How to tell if an interview went well - a guide for hiring managers
25/08/2021 by MRL
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There is tons of advice out there for candidates regarding what signs to look out for to measure how well they performed at a job interview, but there doesn't seem to be a lot of advice for hiring managers.
This seems incredibly odd to us, as recruitment is a two-way street. While you are measuring a candidate's skill set, knowledge and experience, they are deciding whether they want to work at your company based on how you perform.
We’ve talked a lot about how to sell the company to a candidate at an interview, why candidates decline job offers and how to respond and more, but how do you know after the candidate has left that you made a good impression?
Have you noticed throughout the interview that the candidate accidentally says 'we' when talking about the company team or when answering questions about how they would approach specific projects?
That's a brilliant sign that they already see themselves as part of the organisation and are excited about it.
Candidates take interviews running slightly over the specified timeframe as an excellent sign. The same is true in reverse. If a candidate is happy to stay a bit longer, the conversation is still flowing, and they ask questions about the job and company, you can take this as an excellent sign that they are engaged and still interested in the position.
When taking the candidate on a company tour and introducing them to the team they may be joining, how do they interact with your employees? Are they asking loads of questions or chatting a lot? Do they seem at ease?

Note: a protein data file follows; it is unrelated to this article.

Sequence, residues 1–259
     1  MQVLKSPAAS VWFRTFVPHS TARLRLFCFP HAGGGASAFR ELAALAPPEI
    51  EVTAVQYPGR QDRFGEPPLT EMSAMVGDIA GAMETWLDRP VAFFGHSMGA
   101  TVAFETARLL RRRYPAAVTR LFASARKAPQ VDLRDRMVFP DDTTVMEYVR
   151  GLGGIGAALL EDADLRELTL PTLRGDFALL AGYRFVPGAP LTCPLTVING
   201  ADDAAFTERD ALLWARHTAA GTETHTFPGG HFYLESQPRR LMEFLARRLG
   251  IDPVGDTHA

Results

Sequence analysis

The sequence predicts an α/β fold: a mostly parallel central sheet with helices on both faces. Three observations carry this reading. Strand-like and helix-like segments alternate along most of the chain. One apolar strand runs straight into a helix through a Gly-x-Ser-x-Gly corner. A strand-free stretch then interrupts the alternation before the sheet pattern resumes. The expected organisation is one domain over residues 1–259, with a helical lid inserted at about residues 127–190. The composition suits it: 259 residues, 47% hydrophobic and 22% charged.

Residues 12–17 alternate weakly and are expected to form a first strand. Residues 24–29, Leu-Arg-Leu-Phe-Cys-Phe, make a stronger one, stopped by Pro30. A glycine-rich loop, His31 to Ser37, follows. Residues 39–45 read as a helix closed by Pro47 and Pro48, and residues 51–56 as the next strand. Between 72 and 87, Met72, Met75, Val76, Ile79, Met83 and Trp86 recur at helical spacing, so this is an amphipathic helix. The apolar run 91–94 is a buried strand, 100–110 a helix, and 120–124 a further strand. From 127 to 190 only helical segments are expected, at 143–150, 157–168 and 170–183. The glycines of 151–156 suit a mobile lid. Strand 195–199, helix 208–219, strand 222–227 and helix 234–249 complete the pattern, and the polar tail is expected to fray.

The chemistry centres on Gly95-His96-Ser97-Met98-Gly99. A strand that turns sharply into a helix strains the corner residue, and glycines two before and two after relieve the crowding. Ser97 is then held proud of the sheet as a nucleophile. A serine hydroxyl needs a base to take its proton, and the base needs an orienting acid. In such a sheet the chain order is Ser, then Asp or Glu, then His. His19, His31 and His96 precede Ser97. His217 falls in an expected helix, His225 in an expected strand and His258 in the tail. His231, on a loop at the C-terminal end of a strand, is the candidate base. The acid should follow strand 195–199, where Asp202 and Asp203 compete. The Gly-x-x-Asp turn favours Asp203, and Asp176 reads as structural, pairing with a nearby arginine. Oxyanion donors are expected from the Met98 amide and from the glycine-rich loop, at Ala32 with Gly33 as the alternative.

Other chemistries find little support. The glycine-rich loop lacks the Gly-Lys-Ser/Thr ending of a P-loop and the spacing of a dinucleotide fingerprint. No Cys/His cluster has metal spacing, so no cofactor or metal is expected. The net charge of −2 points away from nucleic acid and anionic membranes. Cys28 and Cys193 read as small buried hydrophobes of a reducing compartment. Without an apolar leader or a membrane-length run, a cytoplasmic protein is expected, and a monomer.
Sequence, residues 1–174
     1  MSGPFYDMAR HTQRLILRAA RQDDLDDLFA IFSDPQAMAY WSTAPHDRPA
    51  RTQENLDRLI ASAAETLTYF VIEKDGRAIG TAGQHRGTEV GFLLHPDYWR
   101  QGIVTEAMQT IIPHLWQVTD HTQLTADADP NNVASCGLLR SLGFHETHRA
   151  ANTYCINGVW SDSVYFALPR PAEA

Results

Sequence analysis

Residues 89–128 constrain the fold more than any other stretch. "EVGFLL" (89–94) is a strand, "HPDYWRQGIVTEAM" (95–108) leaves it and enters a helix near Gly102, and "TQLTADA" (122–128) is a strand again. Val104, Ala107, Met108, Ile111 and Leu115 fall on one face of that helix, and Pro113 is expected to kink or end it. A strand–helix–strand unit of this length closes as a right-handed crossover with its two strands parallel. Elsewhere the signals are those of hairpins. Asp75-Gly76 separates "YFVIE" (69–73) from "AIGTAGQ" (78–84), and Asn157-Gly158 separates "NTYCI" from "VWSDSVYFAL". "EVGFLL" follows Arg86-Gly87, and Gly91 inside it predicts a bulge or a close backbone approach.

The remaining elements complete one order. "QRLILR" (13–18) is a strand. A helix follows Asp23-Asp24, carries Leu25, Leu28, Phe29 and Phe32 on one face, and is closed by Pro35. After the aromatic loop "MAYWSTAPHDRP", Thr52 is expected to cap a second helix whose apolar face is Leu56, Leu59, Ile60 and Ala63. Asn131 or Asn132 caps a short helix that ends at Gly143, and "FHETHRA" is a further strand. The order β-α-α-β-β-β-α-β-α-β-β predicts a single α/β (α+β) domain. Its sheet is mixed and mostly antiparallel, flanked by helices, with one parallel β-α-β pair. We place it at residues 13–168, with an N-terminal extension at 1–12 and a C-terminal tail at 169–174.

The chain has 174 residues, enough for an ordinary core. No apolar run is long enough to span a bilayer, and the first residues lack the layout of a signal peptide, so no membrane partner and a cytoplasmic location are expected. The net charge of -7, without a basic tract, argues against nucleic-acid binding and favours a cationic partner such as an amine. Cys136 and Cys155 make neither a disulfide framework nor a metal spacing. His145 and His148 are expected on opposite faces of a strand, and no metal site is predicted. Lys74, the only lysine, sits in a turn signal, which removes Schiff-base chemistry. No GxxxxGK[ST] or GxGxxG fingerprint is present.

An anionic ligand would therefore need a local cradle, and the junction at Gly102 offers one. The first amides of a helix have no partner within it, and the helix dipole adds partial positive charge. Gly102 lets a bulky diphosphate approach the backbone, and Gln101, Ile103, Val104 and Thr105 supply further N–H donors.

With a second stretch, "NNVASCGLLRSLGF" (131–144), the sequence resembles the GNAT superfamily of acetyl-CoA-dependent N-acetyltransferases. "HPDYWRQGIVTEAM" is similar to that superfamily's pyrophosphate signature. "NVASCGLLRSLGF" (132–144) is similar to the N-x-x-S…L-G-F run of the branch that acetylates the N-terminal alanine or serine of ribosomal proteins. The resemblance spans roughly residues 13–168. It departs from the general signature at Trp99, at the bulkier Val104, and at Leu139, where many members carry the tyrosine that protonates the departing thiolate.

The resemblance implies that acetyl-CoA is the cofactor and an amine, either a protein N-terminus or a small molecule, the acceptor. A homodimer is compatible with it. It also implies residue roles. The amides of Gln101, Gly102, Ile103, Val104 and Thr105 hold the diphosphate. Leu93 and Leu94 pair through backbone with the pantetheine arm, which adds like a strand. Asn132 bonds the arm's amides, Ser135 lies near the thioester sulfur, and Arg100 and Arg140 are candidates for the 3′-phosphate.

This is another excellent sign that the interview is going well. Not only are they still engaged enough to put in the extra effort, but if they are getting on really well with staff, that shows that they will be a good culture fit, which is incredibly important.
This is a surefire sign that they are still interested in the role they are interviewing for. When a candidate asks the time frame for the rest of the recruitment process, they are likely really trying to find out how long until they find out whether they got the job. Additionally, asking what the next steps are reinforces that they are still interested in the position.
If they drop you a line after the interview thanking you for your time, they are most likely trying to leave one final good impression. Needless to say, that's a very good sign.
If they include some additional questions, that’s an even better sign.
Whether or not a candidate will be offered a position, you should keep an eye out for these signs to measure the impression you’re leaving on potential future employees.
Remember that sectors within the tech industry are small, and if someone has a bad experience, they will tell others, which will negatively impact your employer branding.